quick. Appreciate y'all coming out. Reporter: It's been just days since the presidential election was called for vice president Joe Biden and senator kamala Harris. Julius Thomas and his fellow young Atlanta leaders are already strategizing. I kind of charged you all with outreach to the hood. Coming off the presidential election, moving into a runoff, are you guys tired? May be a little sleep deprived but we're hitting the ground running again. The excitement in the air of being a part of this. Especially as a young person. It's absolutely undefeating. We know this is something we cannot sit out on. Gone are the days where young people are sitting on the sidelines. We want to be in the game. Reporter: That game is perhaps the most consequential election of their lifetimes. Welcome to the peach state, home to 11 million residents. It's the cradle of the American civil rights movement. Today the future of American politics hangs in the state's balance once again. For decades, Georgia was reliably red. But this election, things officially burned purple with President-Elect Joe Biden poised to win the state. The first democratic candidate since '92. Not to mention two senate seats, once solidly Republican, are now headed for a runoff. The conventional wisdom that used to apply in Georgia is thrown out the window. The idea that Democrats can't win in this state, now that is a powerful powerful thing that I think will have a serious effect on the election. Reporter: Republican incumbents David Purdue and Kelly Leffler both failed to secure a majority of the votes for re-election. We have been through a battle, but we are not done yet. Reporter: Forcing a rematch with democratic contenders Rafael wardak and John osoff. Retirement is coming for senator Purdue. Reporter: Putting the Republicans' hold on the senate in peril. If Republicans win one or both of these seats, then they will have control of the senate. If Republicans control the senate, Joe Biden's going to have a huge challenge in getting his agenda enacted. Reporter: All this as the trump administration challenge the results of the presidential election. Georgia counties ordered to begin a hand-count audit of all ballotorrow morning. The dual races sending voters back to the polls in January. Republicans have deployed big names like senator Marco Rubio to help. This is literally, you know, the showdown of all showdowns in terms of politics and where it leads. We don't have many general election runoffs. Indeed we've had only eight of them in the past. And a Democrat has never won one of these. Reporter: But democts believe in their odds. Fighting back hard. They know what's at sake stake and they know what we're capable of. We won Georgia in 2020 and we'll again in 2021. Reporter: A gubernatorial candidate in 2018, Stacey Abrams used her platform to fund fair fight, focused on fighting voter suppression and promoting free and fair elections around Georgia and the country. Her group helped register 800,000 new voters in the state. With the help of other black women they mobilized people of color to vote. As a black man, I want to do my best to support black women and stand with them and continue to move this state forward. Reporter: Since turning 18, Julius has never missed a vote. We first met the 24-year-old a week before the election where he was working to get young people to the polls. Now he's at it again. It's hard enough to get people to the polls for a presidential election. How are you going to convince them to do it twice in a three-month span? Simil strategies, but on steroids and red bull. We're going to amplify it like we never amplified it before. Georgia is really in a great position to really be an amazing example of how this country's evolving. Reporter: Georgia's political landscape is shifting as the population diversiies with an influx of Asians and Latinos, largely concentrated in urban areas, Atlanta and its suburbs accounted for half the state's vote. That's a huge concentration of people who live in what are now largely blue counties. You get enough votes in Atlanta and you get those votes counted, Democrats can win elections in Reporter: And while communities of color generally lean blue, to many like first-generation latino-american Carlos Alfredo torres Fletcher, who goes by "Cat," it's trump's way or the highway. What compelled you to start getting involved in politics? It happens with the magic touch of Mr. Trump. When Donald Trump launches his book "The art of the deal." That was the first book that I read cover to cover. Everybody wanted to be like Donald Trump. Reporter: But cat's no anomaly. In Georgia the split between candidates amongst Latino men was almost even. He managed a Republican congressional campaign, and his candidate lost by 60 points. But cat, like trump, won't concede. I refuse to accept any of the elections. The election was not fair. What will it take for you to accept the results of this presidential election? I don't want to discuss on that matter, because now it's a legal thing. Reporter: Georgia's Republican secretary of state has repeatedly said there's no evidence of fraud or election tampering. But cat remains defiant. Growing up in Venezuela and Mexico, memories of live under socialism and political corruption have made him skeptical of free and fair elections. For me this is a day job. Beautiful things of the united States of America is to keep the elections honest. If you don't keephe election honest, and if you don't have a fair election system, okay, we're done. Reporter: For biang liau, life in her home country shaped her political views. She emigrated from China in 1999. I was 45 years old. I did not speak English at all. But I want to come to united States for the freedom and democracy. Reporter: The 66-year-old has been activating both Chinese and other asian-americans around Georgia to vote blue. Why was it important for you to activate your community to get out to the polls this November? I lived in China. I know what is under dictator, the life. And what is discriminate each other. And the China, I don't have the right to vote. And here, I have the right to vote. And I have the power. That's the reason I want to stand up. Reporter: Every morning, biang logs into her phone to send messages on wechat, a popular Chinese texting app, where she looks for new voters to register, shares information supporting democratic candidates. We need to reach out to the new voter. Reporter: Spends hours phone banking. N-americans make up 12% of gwinnett county where she lives. She says if they want politicians to care about their community, their voices need to be heard. You think it's going to be hard to get chinese-americans out for the vote, for the runoffs this January? We have to try. Because we tried first time, we had -- we have more experience how to campaign. And I believe we will get Chinese, you know, asian-americans come out to the vote. Reporter: From now until January 5th, it's all eyes on and the whole country's watching. No rest. We cannot rest. Because we say, this is the battle. This is the final battle. We need fight, fight to the end. Reporter: While some remain resistant, like cat -- My advice would be to repeat the general election immediately. Reporter: Others like Julius say there's too much at stake to give up now. This is the most important presidential election of our lifetime. This is the most important runoff of our lifetime, of my The essential nature of this election changes the future of our country, protects health care, protects access to jobs, and protects access to justice. Reporter: One way or another, he's runoffs will be decided by a new Georgia. Divided, yet diverse. Full of people just hoping to make the place they call home a little bit better. What's it like seeing the tide turn? It's amazing. To be Georgia, of all these different demographics that are coming in, and now we have more people who are being represented the ballot and who are taking place in shaping this state and shaping this cou now. That's the Georgia I want to be a part of. That's the Atlanta that I'm proud to live in. That's the country that I want our nation to continue to be.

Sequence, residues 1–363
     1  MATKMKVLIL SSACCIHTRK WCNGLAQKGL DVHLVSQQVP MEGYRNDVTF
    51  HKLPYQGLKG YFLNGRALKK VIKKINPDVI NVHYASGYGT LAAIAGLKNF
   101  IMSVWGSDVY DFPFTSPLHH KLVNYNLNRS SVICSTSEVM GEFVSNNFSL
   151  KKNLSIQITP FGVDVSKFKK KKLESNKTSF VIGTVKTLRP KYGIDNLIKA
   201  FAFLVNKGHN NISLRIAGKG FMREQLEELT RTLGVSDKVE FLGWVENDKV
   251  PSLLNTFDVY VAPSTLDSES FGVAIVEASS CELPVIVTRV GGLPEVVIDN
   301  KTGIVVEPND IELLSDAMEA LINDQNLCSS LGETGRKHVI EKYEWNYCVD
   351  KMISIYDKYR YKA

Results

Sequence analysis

This transcript has been automatically generated and may not be 100% accurate.